We're unable to sign you in at this time. Please try again in a few minutes.
We were able to sign you in, but your subscription(s) could not be found. Please try again in a few minutes.
There may be a problem with your account. Please contact the AMA Service Center to resolve this issue.
Contact the AMA Service Center:
Telephone: 1 (800) 262-2350 or 1 (312) 670-7827  *   Email: subscriptions@jamanetwork.com
Error Message ......
Article |

Resumption of Menses in Anorexia Nervosa-Reply

Tomas J. Silber, MD, MASS
Arch Pediatr Adolesc Med. 1997;151(6):635. doi:10.1001/archpedi.1997.02170430100025.
Text Size: A A A
Published online


Dr Needles questions whether the Frisch hypothesis might not hold if one would exclude the population with a "sick hypothalamus." There is no simple answer, because both menarche and the maintenance of regular periods are influenced by a variety of factors such as the family history, level of stress, amount and type of exercise, dietary intake, and many other events. Among them, the percentage of body fat can certainly be influential, but it is not, as has been statistically demonstrated, the determining factor.1 The best reply is to consider that loss of menses in anorexia nervosa is multifactorial. Hypothalamic dysfunction has classically been demonstrated in patients with anorexia nervosa by their immature secretory patterns of luteinizing hormone2 and their blunted response of luteinizing hormone to gonadotropin-releasing hormone.3 Almost a quarter century ago, Sherman et al3 showed normalization of the luteinizing hormone response to gonadotropin-releasing hormone when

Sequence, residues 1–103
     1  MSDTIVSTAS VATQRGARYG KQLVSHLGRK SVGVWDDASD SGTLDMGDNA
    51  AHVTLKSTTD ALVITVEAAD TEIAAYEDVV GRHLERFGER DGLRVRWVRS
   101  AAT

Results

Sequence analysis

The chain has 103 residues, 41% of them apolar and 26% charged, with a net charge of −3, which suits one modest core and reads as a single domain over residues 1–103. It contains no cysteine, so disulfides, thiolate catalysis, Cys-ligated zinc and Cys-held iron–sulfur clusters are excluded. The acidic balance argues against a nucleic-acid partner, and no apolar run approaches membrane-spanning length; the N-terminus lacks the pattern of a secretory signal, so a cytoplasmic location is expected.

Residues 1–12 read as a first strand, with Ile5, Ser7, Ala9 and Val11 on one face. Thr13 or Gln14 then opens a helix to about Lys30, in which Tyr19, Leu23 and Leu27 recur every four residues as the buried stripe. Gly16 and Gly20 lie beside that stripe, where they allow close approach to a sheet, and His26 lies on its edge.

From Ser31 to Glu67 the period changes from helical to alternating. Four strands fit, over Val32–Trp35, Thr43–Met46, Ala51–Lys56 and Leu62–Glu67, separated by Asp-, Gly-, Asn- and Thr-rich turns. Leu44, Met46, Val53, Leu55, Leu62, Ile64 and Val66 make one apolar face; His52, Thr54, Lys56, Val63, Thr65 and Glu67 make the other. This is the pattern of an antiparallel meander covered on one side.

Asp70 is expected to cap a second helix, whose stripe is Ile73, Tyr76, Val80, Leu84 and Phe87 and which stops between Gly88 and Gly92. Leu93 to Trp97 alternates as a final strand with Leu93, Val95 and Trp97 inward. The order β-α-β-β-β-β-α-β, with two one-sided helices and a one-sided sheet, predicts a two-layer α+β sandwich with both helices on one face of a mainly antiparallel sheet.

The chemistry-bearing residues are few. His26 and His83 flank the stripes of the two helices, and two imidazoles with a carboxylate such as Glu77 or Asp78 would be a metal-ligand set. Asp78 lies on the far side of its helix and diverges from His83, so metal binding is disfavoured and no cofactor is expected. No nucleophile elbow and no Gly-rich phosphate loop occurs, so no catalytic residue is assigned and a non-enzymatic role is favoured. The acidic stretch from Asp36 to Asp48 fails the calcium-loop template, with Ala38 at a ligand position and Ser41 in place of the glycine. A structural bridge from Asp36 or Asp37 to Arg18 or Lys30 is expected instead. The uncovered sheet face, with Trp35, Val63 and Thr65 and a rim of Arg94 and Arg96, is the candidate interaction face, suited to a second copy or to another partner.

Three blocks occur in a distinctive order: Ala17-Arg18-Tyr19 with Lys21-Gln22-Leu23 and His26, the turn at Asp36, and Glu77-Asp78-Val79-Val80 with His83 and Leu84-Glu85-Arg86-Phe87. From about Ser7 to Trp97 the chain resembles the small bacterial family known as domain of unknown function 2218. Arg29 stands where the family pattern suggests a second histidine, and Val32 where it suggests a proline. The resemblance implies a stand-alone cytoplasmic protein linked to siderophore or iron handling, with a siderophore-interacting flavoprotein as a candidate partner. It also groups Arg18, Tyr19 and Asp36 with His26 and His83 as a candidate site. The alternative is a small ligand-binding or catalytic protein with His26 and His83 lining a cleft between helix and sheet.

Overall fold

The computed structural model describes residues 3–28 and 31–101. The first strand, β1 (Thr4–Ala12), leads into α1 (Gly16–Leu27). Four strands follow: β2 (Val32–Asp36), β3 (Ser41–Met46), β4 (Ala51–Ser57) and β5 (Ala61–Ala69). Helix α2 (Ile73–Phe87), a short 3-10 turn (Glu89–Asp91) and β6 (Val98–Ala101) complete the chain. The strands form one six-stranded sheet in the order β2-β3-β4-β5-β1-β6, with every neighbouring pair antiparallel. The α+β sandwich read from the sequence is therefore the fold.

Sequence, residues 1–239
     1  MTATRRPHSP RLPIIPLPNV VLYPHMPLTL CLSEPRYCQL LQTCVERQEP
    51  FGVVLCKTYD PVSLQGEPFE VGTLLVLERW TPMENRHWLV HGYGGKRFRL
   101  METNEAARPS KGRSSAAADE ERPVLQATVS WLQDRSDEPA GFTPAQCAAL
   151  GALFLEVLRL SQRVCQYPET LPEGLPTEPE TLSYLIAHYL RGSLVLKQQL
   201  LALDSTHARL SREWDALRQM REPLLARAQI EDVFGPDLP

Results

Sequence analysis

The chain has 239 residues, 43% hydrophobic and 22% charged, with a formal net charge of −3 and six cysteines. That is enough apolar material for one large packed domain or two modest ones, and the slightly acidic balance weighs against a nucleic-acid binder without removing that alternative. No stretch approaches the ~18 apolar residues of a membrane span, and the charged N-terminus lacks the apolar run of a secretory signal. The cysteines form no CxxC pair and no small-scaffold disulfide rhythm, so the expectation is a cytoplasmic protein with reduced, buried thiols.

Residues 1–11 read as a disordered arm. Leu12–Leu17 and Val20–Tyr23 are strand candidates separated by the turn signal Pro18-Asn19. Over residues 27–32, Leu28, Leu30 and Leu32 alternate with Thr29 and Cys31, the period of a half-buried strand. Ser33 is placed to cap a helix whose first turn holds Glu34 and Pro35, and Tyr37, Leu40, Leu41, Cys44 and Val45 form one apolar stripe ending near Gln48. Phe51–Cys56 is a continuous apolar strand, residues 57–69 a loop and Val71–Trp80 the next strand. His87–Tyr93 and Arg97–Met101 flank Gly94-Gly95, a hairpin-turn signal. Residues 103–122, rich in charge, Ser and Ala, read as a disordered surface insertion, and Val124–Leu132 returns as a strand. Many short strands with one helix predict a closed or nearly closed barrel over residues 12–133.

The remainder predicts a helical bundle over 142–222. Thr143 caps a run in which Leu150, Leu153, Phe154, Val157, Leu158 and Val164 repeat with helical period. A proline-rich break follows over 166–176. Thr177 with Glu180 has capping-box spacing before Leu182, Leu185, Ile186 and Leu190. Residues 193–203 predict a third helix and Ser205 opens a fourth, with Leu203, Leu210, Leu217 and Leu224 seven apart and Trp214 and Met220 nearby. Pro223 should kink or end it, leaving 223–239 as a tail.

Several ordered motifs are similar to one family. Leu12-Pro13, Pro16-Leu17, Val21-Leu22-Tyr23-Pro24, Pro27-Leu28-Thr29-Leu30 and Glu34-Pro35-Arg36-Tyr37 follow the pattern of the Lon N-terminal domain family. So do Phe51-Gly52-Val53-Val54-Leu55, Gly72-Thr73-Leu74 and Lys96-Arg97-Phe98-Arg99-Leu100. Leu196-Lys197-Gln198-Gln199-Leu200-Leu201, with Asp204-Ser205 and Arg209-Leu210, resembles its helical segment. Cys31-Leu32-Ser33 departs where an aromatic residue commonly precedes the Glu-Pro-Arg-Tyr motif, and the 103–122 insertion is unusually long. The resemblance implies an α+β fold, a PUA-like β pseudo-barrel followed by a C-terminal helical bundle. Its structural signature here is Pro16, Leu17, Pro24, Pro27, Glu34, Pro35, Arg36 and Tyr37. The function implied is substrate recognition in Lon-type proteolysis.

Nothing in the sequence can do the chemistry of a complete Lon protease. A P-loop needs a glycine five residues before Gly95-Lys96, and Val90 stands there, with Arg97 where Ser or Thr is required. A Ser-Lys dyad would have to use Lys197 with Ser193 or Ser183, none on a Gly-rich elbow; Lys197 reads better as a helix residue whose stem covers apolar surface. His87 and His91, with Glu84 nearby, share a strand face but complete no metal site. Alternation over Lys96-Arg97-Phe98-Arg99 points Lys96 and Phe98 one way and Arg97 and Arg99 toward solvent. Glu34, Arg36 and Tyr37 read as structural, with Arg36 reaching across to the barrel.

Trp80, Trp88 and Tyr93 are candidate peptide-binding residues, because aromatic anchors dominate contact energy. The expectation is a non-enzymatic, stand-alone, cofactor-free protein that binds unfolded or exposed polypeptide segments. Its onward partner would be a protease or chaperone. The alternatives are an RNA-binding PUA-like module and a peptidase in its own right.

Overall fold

Sign in

Purchase Options

• Buy this article
• Subscribe to the journal
• Rent this article ?

First Page Preview

View Large
First page PDF preview





Also Meets CME requirements for:
Browse CME for all U.S. States
Accreditation Information
The American Medical Association is accredited by the Accreditation Council for Continuing Medical Education to provide continuing medical education for physicians. The AMA designates this journal-based CME activity for a maximum of 1 AMA PRA Category 1 CreditTM per course. Physicians should claim only the credit commensurate with the extent of their participation in the activity. Physicians who complete the CME course and score at least 80% correct on the quiz are eligible for AMA PRA Category 1 CreditTM.
Note: You must get at least of the answers correct to pass this quiz.
Please click the checkbox indicating that you have read the full article in order to submit your answers.
Your answers have been saved for later.
You have not filled in all the answers to complete this quiz
The following questions were not answered:
Sorry, you have unsuccessfully completed this CME quiz with a score of
The following questions were not answered correctly:
Commitment to Change (optional):
Indicate what change(s) you will implement in your practice, if any, based on this CME course.
Your quiz results:
The filled radio buttons indicate your responses. The preferred responses are highlighted
For CME Course: A Proposed Model for Initial Assessment and Management of Acute Heart Failure Syndromes
Indicate what changes(s) you will implement in your practice, if any, based on this CME course.


Some tools below are only available to our subscribers or users with an online account.

0 Citations

Sign in

Purchase Options

• Buy this article
• Subscribe to the journal
• Rent this article ?

Related Content

Customize your page view by dragging & repositioning the boxes below.